This butterfly may sometimes be seen feeding on Carrion but can soar high into the treen line to feed on sugar rich aphid secretions
Decline and slight re-expansion of range.
The butterfly requires large blocks of broad-leaved woodland or clusters of smaller woods and/or dense scrub where the foodplants are abundant. This butterfly flies high in the tree-tops of well-wooded habiats in central-southern England where it feeds on aphid honeydew and tree sap. Adults are extremely elusive and occur at low densities over large areas. The males occasionally descend to the ground, usually in mid-morning, where they probe for salts either from road surfaces or from animal dung.
The Purple Emperor declined steadily during the twentieth century and is now restricted to some of the larger woods in southern England. There has been a recent slight re-expansion in some areas.
It probably occurs as a breeding species inthe larger woodlands in central southern England. Colonies are of small size , made up of a handful of insects, but have a range that probably encompasses at least several hectares. The males in particular can be seen at least a kilometre away from the breeding areas, gathering at " master trees" , where they engage in "sorties" with other males, competing for the best vantage points. The females are seen less often. They visit the master trees to find mates, and thereafter disperse to egglaying sites, which may be some distance away. Master trees are usually mature oaks, but beech, aspen and conifers are also sometimes used. The trees will be tall specimens, and located on high ground, typically on the ridge of a hill.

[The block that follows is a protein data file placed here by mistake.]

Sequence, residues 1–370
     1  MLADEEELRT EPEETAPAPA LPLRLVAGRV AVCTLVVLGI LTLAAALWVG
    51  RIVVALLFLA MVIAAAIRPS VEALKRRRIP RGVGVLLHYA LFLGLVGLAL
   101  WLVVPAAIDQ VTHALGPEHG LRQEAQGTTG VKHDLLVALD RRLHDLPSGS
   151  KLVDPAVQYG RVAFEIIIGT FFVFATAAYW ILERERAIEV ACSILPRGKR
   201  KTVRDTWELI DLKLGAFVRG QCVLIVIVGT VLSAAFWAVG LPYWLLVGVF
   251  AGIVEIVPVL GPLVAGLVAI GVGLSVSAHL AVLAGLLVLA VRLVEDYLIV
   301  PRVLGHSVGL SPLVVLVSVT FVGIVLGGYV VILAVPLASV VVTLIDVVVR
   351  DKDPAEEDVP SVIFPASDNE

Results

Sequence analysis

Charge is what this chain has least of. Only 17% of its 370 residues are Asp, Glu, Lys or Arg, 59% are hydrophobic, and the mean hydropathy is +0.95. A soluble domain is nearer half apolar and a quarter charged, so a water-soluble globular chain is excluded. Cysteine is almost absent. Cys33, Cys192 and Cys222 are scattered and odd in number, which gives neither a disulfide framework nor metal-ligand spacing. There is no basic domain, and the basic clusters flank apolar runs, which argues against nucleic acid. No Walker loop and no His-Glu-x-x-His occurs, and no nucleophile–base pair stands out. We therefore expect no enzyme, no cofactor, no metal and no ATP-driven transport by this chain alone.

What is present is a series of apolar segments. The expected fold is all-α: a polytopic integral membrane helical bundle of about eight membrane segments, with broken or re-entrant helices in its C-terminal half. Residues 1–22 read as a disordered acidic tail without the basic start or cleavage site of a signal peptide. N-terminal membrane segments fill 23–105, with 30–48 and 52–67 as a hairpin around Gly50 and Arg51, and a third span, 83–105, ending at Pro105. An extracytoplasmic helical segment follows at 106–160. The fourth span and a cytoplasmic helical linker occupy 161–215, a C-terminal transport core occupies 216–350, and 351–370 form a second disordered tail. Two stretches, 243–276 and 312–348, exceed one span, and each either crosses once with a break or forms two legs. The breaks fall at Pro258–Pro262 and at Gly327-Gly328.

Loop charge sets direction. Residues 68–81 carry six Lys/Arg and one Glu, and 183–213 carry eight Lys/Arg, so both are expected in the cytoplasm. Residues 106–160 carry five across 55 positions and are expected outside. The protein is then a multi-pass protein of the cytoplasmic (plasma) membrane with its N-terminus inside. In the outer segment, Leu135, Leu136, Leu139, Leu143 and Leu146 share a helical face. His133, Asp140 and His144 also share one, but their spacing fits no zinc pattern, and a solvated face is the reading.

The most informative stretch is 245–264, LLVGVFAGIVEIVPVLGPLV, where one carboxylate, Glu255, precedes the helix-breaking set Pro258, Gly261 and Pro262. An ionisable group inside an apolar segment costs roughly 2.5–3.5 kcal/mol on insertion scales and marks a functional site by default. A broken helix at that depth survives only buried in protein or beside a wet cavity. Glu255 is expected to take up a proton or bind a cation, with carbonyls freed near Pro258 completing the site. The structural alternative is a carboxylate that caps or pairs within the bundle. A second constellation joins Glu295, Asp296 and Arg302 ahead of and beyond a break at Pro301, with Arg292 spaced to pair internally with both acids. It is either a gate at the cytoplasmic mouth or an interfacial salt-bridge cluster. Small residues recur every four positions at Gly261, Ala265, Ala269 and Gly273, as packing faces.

UK BAP status: Species of Conservation Concern
Butterfly Conservation priority: medium
European threat status: not threatened
Protected in Great Britain for sale only
The main foodplant is Goat Willow (Salix caprea). Crack-willow (Salix fragilis) and Grey Willow (Salix cinerea) are also used. Goat Willow (Salix caprea) is the most widely used foodplant although it also breeds on Grey Willow (S. cinerea) and more rarely, Crack-willow (S. fragilis). Eggs are laid on a wide range of tree sizes, ranging from medium-sized shrubs to tall canopy trees.